Moreover, Trump knew what O’Reilly meant. Trump dealt with O’Reilly’s question during the election campaign, and he responded in the same way. Our new president believes Putin offers the United States a friendly, mutually beneficial relationship, an offer Trump would like to accept. O’Reilly, someone you expect would be sympathetic to Trump on other counts, cautions him about friendship with a criminal regime. Not surprisingly, since O’Reilly has written about political assassinations almost continuously from 2011 on, he refers to Putin as a killer. That’s how you get ahead in Russian politics. In fact, that is how you advance in all politics, ever since people invented the activity.
Now, do you think Trump would respond to O’Reilly’s question with a counter-question, “You think our country’s so innocent?”, if he did not believe it? No, he would select another line of defense if he thought politics in the United States materially different from politics in Russia. So we want to ask, did Trump run for president knowing he would lead a criminal regime: that is, one that uses assassination and false flag attacks to achieve its aims? We don’t have to verify all the evidence Trump may have considered to reach that conclusion. We just want to have a sense of whether Trump’s conclusion about the criminal nature of our government has an adequate foundation.
Should we be scared we have a strongman in the White House who calls fellow strongman and killer Vladimir Putin a friend? Should Trump’s enemies hire good bodyguards?
Well, the evidence surrounds and even permeates our national life. The deep state arose and committed its first truly open assassination in Dallas on November 22, 1963. A notorious false flag attack occurred at sea in the Gulf of Tonkin on August 2, 1964. That incident justified eight and a half more years of war in Indochina. Dallas, Tonkin and Vietnam are related, just as 9/11 and the launching of a criminal war against Iraq are related. The Russian apartment bombings, Putin’s rise to power, and the Second Chechen War are related, too. Everyone who understands the way politics is practiced in Russia and the United States knows these things. Trump knows these things.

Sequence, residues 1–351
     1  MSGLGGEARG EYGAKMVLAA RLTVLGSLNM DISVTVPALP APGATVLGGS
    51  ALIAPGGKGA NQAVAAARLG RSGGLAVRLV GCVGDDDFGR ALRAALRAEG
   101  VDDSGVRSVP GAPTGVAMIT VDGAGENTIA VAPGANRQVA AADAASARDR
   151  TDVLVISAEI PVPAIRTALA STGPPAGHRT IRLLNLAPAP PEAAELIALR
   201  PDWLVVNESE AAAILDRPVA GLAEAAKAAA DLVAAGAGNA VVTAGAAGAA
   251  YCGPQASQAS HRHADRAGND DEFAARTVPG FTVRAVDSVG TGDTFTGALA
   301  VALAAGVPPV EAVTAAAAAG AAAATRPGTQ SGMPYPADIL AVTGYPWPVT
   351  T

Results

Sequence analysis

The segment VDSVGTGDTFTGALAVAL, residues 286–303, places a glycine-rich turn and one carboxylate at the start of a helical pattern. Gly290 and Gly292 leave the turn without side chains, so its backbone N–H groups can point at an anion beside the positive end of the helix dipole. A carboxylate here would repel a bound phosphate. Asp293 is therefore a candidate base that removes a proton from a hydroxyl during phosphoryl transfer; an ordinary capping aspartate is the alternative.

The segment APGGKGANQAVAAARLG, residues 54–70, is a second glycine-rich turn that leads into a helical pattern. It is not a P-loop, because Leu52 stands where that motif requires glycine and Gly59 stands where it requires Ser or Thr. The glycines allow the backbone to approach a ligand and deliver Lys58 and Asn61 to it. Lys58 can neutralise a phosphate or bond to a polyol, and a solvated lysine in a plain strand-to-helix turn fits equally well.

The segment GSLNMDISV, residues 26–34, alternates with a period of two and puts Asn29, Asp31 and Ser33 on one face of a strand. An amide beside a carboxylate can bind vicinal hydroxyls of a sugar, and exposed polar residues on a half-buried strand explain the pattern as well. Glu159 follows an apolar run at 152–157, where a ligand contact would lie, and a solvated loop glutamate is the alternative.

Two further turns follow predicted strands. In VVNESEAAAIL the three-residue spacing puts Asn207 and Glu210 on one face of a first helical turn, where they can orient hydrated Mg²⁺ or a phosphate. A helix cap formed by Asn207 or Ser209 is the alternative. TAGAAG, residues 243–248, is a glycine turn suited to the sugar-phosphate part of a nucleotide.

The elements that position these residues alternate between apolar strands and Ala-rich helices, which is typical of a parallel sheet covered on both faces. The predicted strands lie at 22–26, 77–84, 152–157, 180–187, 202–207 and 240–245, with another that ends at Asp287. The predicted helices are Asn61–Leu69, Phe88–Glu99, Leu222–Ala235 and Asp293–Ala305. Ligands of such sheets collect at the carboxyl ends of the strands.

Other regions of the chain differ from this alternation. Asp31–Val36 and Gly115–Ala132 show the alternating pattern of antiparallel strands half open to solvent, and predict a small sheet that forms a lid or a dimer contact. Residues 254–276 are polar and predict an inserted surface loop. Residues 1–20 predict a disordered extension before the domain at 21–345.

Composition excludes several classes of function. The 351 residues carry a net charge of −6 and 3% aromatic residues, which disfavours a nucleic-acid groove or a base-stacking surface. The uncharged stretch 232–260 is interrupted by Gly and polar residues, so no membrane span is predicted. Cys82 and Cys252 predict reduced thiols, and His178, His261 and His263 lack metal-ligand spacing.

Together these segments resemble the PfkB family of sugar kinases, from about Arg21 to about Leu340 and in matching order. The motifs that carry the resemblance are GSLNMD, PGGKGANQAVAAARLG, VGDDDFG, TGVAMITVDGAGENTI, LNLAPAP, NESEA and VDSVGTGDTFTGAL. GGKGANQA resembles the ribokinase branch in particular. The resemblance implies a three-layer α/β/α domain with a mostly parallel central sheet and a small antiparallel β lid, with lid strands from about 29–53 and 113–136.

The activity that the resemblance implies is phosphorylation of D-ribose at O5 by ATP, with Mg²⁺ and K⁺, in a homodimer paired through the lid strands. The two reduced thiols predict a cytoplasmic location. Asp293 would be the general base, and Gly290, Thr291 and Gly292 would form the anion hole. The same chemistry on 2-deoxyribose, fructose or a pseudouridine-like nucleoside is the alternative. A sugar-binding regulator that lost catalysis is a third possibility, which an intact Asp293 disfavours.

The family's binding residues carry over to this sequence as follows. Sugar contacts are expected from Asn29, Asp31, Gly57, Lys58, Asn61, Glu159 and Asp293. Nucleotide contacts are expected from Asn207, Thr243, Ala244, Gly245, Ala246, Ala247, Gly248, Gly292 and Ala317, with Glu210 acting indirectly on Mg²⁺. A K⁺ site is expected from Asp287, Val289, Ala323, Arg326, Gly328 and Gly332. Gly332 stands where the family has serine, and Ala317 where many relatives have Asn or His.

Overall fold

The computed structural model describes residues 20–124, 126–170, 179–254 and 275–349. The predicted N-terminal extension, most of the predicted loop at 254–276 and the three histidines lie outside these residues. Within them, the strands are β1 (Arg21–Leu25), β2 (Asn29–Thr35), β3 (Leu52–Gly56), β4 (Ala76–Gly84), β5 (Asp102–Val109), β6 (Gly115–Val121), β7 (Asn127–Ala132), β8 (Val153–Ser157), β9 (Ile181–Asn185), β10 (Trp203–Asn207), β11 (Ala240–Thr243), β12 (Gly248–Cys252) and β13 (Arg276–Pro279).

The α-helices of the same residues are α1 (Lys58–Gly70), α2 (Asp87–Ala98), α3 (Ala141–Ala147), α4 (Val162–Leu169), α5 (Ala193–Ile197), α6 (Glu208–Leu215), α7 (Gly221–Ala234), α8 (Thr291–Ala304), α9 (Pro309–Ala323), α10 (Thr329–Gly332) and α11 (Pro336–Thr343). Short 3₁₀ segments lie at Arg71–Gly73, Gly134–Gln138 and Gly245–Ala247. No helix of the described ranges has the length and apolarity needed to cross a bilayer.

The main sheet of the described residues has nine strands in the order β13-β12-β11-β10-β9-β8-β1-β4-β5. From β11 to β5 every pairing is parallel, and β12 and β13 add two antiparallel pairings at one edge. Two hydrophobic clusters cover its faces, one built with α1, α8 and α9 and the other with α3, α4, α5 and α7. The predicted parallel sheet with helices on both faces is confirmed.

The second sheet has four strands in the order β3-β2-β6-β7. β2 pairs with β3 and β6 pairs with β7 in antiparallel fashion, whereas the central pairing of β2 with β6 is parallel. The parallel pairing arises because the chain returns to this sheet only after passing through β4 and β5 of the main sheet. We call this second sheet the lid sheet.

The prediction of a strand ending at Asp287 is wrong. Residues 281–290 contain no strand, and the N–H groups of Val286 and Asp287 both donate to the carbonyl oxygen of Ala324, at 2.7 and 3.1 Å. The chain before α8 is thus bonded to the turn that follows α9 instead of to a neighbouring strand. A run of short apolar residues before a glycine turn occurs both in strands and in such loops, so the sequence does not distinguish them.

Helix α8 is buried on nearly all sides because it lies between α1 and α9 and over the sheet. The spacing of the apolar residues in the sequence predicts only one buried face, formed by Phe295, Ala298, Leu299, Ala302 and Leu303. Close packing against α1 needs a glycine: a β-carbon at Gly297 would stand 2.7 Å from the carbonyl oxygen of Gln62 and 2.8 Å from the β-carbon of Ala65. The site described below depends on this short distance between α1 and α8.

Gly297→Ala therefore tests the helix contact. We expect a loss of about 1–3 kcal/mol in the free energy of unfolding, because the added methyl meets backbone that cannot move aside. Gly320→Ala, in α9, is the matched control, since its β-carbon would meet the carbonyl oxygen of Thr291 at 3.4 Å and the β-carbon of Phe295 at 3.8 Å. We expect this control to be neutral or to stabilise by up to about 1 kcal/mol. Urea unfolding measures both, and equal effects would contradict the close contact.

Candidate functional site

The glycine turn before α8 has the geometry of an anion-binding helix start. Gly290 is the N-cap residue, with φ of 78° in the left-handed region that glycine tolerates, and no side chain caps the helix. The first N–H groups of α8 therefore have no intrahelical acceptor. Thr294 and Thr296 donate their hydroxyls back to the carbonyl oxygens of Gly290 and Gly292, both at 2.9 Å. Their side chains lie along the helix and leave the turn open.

Should we be scared we have a strongman in the White House who calls fellow strongman and killer Vladimir Putin a friend? Should Trump’s enemies hire good bodyguards? Celebrity apprentice Trump could observe close up how 9/11 turned out in Iraq and Afghanistan, so he may pause a little before he plans some dramatic incident to stoke fear and justify war. He seems to do alright selling fear, security, and aggressive measures for protection with unsettling, small scale terror attacks to propel him. Whatever the source of Americans’ anxieties, we still wonder, on the big questions, whether Trump tells the truth.